My last few posts have all been book related, so lets continue the trend with an article about Rob MacGregor's Indiana Jones series from issue 179 of Starlog.
Indiana Jones and the Paperback Crusades
by Rich Harvey
Harrison Ford has moved onto other projects (like this summer's Patriot Games), but Lucasfilm, Ltd. has been busy keeping Indiana Jones alive. While reminiscing about his heroic past on ABC's The Young Indiana Jones Chronicles, the swashbuckling archaeologist has also returned in new book adventures by Rob MacGregor.
The first installment of his new series, published by Bantam Books, quietly appeared in bookstores in February 1991, but there were a few pitfalls awaiting Indiana Jones in the leap from film to paperback adventure.
"Originally, Ballantine Books was going to do this project," says MacGregor. "They had published the novelizations of Raiders of the Lost Ark, Indiana Jones and the Temple of Doom and Indiana Jones and the Last Crusade, so they had pretty much worked exclusively with Lucasfilm on different book-related projects. I prepared by proposals, they asked me to do some revisions, and I had done everything as they required. Then, Ballantine suddenly backed out and just didn't want it.
We started going out to other publishers, wondering who else might be interested. We got several rejections, and I was afraid that Lucy Autrey Wilson (of Lucasfilm) was going to give up. But she kept plugging away until Bantam said they were interested, so that saved the day."
MacGregor has a writer's credentials for adventure. He has written articles for the Miami Herald, The Los Angeles Times, The Boston Globe and Newsday. He's a regular contributor to Omni. He also penned The Crystal Skull, a novel of hard-boiled intrigue and high adventure, and co-authored The Rainbow Oracle with Tony Grasso ("It's non-fiction, a book of divination. I guess it fits into the New Age category"). But his best known (and best selling) work is the novelization of Indiana Jones and the Last Crusade.
These new stories trace Indy's pre-Raiders adventures, set in the 1920's, beginning with his graduation from college (after nearly being expelled). The time period offers further opportunities to explore Indy's personality and his past, through readers won't see other characters from the films and TV series, except for Dr. Marcus Brody. Indy will occasionally catch up with his college friend Jack Shannon, created by MacGregor, a student who spends as much time playing saxophone in jazz joints as he spends ribbing his adventuring friend.
"I wanted to write a book where Indy meets Marion Ravenwood (Karen Allen in Raiders) for the first time," says MacGregor. "When he meets her again in Raiders, it's obvious that they had something going on when they were younger. I proposed some of these things, and most of them got shot down."
Lucasfilm expressed concern over continuity problems arising between MacGregor's stories and the TV series. As such, readers also won't see Indy's first confrontation with rival archaeologist Rene Belloq (from Raiders). The bitter relationship between Indy and his father, Henry Jones Sr. (Sean Connery in Last Crusade), won't be expanded upon either.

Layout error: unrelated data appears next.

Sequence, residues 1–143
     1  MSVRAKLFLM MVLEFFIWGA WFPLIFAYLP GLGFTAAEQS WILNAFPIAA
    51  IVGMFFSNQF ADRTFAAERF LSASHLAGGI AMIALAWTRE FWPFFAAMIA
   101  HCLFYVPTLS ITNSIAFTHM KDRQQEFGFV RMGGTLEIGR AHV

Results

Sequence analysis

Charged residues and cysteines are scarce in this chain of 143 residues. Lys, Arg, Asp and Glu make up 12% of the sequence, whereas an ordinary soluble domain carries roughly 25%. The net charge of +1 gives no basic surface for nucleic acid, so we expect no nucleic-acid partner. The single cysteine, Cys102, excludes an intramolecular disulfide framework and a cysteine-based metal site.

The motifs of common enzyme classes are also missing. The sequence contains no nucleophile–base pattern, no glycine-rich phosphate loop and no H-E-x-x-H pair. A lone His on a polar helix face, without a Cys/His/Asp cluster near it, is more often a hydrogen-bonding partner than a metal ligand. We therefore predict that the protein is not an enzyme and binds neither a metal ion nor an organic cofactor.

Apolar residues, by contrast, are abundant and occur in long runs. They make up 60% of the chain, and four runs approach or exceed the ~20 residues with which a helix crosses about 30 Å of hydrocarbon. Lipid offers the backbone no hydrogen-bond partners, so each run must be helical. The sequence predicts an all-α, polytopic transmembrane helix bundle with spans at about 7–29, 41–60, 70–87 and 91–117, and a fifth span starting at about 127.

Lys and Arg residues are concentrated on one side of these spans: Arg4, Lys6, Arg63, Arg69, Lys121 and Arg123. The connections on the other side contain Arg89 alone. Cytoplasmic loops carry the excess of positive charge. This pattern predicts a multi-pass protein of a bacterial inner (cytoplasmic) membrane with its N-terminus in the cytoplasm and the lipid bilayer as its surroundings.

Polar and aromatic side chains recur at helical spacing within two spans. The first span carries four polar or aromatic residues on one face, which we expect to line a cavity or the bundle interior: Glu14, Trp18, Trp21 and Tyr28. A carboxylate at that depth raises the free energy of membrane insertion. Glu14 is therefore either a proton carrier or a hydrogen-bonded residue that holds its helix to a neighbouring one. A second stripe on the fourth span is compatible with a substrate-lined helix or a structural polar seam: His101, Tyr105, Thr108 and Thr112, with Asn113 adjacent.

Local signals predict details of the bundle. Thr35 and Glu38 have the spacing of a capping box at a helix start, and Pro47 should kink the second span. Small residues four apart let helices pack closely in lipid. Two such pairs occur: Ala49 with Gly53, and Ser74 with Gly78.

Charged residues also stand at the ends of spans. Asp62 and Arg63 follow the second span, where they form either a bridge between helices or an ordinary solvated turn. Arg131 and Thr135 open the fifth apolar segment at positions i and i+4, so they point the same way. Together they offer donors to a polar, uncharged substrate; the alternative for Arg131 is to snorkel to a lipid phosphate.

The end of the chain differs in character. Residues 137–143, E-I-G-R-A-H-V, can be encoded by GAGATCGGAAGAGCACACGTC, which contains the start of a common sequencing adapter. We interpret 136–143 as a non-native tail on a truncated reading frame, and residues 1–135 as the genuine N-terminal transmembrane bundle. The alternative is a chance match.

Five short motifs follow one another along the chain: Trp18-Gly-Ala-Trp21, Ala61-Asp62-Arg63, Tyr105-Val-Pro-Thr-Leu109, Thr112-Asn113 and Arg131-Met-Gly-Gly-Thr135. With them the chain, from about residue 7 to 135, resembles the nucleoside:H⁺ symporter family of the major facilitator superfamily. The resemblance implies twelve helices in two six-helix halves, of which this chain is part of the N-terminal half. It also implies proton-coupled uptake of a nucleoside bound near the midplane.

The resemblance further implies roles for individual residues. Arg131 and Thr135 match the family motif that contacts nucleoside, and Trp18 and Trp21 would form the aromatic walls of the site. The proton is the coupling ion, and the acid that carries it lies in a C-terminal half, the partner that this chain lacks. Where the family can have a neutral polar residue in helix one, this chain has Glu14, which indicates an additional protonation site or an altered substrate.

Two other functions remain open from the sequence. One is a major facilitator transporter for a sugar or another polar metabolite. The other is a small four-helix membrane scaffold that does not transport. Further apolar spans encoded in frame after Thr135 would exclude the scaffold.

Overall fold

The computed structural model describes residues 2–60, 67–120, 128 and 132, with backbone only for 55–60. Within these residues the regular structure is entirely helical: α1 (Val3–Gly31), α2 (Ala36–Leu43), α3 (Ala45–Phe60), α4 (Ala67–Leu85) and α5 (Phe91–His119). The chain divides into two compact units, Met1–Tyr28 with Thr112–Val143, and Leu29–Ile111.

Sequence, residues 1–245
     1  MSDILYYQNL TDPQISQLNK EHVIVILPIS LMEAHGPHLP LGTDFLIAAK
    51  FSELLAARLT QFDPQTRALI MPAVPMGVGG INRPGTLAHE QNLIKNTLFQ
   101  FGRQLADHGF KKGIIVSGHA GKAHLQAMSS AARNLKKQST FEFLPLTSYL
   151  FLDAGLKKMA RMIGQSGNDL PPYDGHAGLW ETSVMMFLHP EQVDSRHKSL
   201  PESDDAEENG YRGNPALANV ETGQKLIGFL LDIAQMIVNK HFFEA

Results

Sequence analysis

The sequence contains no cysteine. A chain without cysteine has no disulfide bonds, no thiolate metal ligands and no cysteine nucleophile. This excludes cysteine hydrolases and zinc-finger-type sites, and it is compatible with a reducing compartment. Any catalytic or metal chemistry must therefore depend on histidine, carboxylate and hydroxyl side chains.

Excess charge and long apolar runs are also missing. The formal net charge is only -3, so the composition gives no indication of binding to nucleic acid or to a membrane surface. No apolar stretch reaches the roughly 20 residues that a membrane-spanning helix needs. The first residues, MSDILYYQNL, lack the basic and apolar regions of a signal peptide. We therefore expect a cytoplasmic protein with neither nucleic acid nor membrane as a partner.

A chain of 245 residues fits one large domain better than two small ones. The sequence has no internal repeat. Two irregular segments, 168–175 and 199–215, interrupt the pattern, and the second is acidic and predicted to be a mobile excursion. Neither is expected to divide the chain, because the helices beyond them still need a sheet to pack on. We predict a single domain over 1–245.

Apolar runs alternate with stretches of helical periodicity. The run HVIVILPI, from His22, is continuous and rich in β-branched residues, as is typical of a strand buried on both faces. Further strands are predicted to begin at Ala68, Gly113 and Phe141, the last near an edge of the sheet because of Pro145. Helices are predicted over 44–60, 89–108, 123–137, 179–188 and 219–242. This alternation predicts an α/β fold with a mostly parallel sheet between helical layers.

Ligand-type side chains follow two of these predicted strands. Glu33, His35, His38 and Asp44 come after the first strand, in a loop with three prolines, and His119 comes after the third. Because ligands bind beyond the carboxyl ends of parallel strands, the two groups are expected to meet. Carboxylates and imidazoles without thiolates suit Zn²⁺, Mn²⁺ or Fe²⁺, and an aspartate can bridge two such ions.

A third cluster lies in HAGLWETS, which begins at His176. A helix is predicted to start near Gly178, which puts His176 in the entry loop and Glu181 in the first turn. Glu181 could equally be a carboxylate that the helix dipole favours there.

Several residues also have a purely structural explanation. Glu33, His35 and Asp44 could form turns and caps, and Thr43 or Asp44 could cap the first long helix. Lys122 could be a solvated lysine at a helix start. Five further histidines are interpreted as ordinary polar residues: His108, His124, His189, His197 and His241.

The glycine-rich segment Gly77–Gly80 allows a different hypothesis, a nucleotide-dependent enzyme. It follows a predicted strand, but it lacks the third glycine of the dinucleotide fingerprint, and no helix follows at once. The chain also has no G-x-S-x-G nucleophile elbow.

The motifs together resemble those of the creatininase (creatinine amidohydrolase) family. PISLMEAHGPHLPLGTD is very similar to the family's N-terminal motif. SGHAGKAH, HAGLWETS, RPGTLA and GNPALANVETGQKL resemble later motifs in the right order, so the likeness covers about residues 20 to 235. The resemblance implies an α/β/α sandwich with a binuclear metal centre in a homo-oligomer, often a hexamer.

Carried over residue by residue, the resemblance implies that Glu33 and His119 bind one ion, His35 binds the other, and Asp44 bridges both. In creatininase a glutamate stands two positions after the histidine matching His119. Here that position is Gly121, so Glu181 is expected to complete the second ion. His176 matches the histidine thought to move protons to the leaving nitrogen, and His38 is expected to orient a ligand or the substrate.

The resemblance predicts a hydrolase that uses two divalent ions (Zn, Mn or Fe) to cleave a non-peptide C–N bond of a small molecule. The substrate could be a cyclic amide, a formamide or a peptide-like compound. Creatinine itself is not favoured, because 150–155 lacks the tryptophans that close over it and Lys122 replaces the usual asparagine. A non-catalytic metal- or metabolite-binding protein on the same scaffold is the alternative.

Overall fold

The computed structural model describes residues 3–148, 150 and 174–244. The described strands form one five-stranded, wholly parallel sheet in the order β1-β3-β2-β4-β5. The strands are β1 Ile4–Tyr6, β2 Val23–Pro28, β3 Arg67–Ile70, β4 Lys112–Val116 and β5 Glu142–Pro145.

"It would be perfect for that to be developed," MacGregor says. "But I had to be very cautious about bringing up characters from the movies because of the TV series, where he's younger than my version. Otherwise, there may have been few problems between the novels and The Young Indiana Jones Chronicles, because it's a separate time period. My stories pick up where the Chronicles leave off, when Indy's out of college and starting his career as an archaeologist. These novels are really meant to fill a gap in two different ways - the events in Indy's life between the Chronicles and the movies, and also the time gap between Last Crusade's release and the TV series."
With the first novel, Indiana Jones and the Peril at Delphi, Lucasfilm scrutinized his manuscript very closely, making sure it was faithful to the character. "There's still a basic format in which Indy has a confrontation with the unusual, as in Raiders of the Lost Ark. There has to be that mystical aspect of the book combined with the adventure. I played it low-key in my first draft of Peril at Delphi and Robert Simpson, my editor, emphasized that aspect. I rewrote the ending, and it came out much better."
In the sequel, Indiana Jones and the Dance of the Giants, the Omphalos is put inside Marcus Brody's museum for safe keeping. It's promptly stolen by a British Parliament member who intends to gather the pagans of Britain for a bi-annual ritual at Stonehenge. A very nervous Indiana Jones, who knows all too well the relic's terrible powers, sets out to stop them.
"The third book, Indiana Jones and the Seven Veils, takes place in Brazil, Rio de Janeiro, Bahia and in the Amazon," says MacGregor. "It's a search for a missing adventurer named Colonel P.H. Fawcett, a real person who actually disappeared in the Amazon jungle in 1925."
MacGregor may have been destined to write the Indiana Jones adventure yarns. When he was assigned to novelize Last Crusade, the Ballantine editors found an author who not only share Indy's interests, but his background as well.
"I sort of fit in with the character somewhat," MacGregor adds hesitantly, "and I can relate to Indy. When I was in junior high school, we had to do these little reports of what we were going to be when we grew up. I was a freshman at the time, and I was the only one in the school who wanted to be an archaeologist."
More than just a childhood dream, MacGregor's archaeological desires were fueled by an interest in travel and exploring. He led the first group of UK journalists to the Lost City of Sierra Nevada in Columbia's Santa Marta Mountains in 1987, and has organized numerous adventure tours to South America for travel writers. He admits that they provide good background color for the globe-hopping Indiana Jones and private eye Nicholas Pierce, hero of MacGregor's Crystal Skull, but not much fodder for storylines.
"The tours are actually pretty tame," MacGregor admits. "The most unusual thing happened in the Lost City, where I was separated from the group and got left out in the jungle for a day. The helicopter couldn't get back to pick me up, and nobody knew what had happened to me. The tour group was out on the beach having lunch, and I was gone. I was out there with the Kogi Indians on this mountain that night and had a great time. It was an unusual experience. I enjoyed myself, and the next morning it was clear, so the helicopter landed and I gout out of there."